Can you judge a book by its cover?

There are many Chinese textbooks for non-Chinese speakers to learn Mandarin, and a number of them use ancient Chinese cultural symbols on their book covers, such as the Great Wall, dragons, or part of the forbidden city, and etc. These images are meant to represent Chinese culture, which is one of the reasons that people take Mandarin lessons. However, even though Chinese language and culture are closely related, using ancient cultural symbols is, in fact, one way to separate the culture from the language. 

An extreme example is the ancient Egyptian culture, which was magnificent and mysterious. If someone is interested to know more about the pyramids and the mummies, she could pick up a book written in her own language, and read about it. Or she could take a guided tour in Egypt. She does not need to learn old Egyptian language for the purpose of learning the culture. Indeed, except scholars, no one is studying old Egyptian language. Even the Egyptians use Arabic to communicate. Old Egyptian language has become a kind of privileged cultural knowledge belonging to the academic world.

There are similarities between ancient Egyptian culture and Chinese culture. However, a huge difference is that Chinese culture has stayed on from its ancient form, and is still alive. Numerous ancient cultural motifs are still present in today’s culture, while at the same time, subtle changes happen constantly. Millions of Chinese people still use Chinese language to communicate. They still study old Chinese texts, which, fortunately, are not fenced in by academic scholars, at least not yet.

Therefore, Chinese culture is both ancient and new, both unchanged and changed, both mysterious and straightforward, both magnificent and ordinary. If we hang on to the ancient, unchanged and mysterious side, which is represented by the terra-cotta warriors and dragons, we have no reason to teach or learn Mandarin. We only need to read about them, or watch some TV programs. Only when Chinese culture is considered as lively and dynamic, it will make sense to learn Mandarin. Mandarin opens up a path for direct involvement in Chinese culture, the first hand experiences.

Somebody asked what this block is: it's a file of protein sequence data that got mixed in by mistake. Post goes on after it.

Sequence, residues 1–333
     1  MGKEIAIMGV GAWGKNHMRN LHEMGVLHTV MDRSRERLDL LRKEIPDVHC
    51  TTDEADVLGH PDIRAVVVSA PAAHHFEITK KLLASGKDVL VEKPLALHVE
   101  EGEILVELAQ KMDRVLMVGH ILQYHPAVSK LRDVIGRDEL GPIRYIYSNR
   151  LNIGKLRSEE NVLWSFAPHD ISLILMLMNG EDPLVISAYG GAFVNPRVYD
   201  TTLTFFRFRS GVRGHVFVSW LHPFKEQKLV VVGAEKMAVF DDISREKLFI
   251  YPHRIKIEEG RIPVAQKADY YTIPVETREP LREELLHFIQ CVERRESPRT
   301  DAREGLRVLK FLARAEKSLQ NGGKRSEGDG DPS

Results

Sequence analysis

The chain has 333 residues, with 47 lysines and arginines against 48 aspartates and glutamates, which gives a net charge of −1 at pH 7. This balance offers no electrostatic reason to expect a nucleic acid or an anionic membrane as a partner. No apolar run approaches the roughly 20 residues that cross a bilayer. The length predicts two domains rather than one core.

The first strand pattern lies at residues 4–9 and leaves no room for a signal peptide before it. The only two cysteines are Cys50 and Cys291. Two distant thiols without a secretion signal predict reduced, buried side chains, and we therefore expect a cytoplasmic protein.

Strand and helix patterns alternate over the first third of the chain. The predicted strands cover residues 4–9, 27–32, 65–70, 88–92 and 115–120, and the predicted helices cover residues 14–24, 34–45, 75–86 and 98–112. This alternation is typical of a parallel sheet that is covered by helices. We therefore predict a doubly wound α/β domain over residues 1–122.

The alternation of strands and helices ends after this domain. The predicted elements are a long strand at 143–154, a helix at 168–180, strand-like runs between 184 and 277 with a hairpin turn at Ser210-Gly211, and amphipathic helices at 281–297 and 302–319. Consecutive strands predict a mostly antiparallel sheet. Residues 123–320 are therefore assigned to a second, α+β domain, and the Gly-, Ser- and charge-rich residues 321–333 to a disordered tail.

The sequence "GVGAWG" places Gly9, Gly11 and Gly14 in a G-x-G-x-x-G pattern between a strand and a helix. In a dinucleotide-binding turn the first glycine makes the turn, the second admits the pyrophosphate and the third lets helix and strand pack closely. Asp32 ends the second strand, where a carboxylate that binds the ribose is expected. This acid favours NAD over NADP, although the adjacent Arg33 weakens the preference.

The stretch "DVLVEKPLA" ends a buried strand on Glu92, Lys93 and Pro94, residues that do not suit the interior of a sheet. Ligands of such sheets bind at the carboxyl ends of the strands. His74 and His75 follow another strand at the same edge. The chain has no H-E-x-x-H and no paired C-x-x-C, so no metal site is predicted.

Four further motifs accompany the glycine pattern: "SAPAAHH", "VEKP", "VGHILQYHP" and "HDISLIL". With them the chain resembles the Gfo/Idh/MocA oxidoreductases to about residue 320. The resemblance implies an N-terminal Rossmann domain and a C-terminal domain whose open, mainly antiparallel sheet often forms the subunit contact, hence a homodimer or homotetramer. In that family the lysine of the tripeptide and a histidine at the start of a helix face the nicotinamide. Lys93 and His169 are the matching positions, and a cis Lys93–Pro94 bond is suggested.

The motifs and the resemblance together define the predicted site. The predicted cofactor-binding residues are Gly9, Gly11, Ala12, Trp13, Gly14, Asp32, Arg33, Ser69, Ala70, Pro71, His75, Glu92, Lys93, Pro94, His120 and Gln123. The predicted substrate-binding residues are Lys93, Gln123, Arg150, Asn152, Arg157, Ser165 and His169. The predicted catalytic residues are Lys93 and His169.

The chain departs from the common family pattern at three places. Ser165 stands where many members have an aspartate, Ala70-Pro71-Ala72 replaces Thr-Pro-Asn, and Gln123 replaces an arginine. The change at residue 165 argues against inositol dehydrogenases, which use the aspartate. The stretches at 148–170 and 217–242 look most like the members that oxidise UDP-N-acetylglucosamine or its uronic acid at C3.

For this reason, dragons, as magnificent as they are, are no longer suitable to act as a spoken person for teaching and learning Mandarin. We do not need to fetishise old relics and indoctrinate ourselves with all the age old cultural stereotypes when we can find something current and more representative, something both ordinary and extraordinary. 

This is what I did with Mandarin Express series. The images I used as book covers are snapshots of ordinary people’s daily lives, including market scenes, street scenes, exterior and interior of buildings, different seasons, different geographical terrains, and arts.

For example, in this book cover, a regular Chinese woman is featured in the center of the image. Her gesture and facial expression are a display of friendliness and confidence. She looks healthy and happy. Her clothes are common day-to-day attires of young people.

In this book cover, another woman is featured in the image. She is looking into the deli stand for possible purchases. She is well dressed and her hair is well maintained. She is carrying a nice, big handbag. The image also shows that this deli stand is located at a busy street, and it is full of Chinese delicacies.

Different from dragons, these are real people with their life stories to tell. Moreover, upon presenting these images to a Chinese language class, their differences are immediate. They are Chinese people and they live in different cultural environments. Chinese language is one of the strands of their day to day encounters. These images make daily cultural environments real and visible to students. They are the people students will encounter and communicate with.  

Then what do we do with the ancient cultural symbols? We are not going to discard them. They are the other side of the coin. Without dragons and terra-cotta warriors, Chinese culture would not be complete. 

One possible way is to put them side by side with other countries’ historical cultural images, such as what I did with the Great Wall. 

It is next to the pyramids, Colosseum, and Taj Mahal. All these sites are well known to the students. Reading it in Chinese is only an added layer to their existing knowledge. It is much better than just reading about the Great Wall. As we said earlier, you don’t have to learn Mandarin to know more about the Great Wall.


April Zhang
Chinese Teacher
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